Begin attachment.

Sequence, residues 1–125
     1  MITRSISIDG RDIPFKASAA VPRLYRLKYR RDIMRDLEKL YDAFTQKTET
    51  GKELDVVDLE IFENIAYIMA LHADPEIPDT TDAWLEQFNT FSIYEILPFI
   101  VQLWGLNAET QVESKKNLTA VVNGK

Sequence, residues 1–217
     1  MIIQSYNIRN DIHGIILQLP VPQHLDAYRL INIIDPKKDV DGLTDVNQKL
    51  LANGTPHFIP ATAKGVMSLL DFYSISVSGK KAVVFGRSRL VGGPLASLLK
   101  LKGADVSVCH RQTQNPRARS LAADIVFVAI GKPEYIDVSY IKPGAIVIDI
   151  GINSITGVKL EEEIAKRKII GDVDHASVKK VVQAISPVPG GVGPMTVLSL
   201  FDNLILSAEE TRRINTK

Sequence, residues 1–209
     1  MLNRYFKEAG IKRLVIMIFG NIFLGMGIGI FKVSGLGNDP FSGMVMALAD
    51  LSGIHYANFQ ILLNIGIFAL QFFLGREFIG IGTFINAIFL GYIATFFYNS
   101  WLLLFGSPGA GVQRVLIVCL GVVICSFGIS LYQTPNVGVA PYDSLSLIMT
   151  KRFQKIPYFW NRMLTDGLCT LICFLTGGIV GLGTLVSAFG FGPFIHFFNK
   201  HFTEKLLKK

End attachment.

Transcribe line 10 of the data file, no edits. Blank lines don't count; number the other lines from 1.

   201  FDNLILSAEE TRRINTK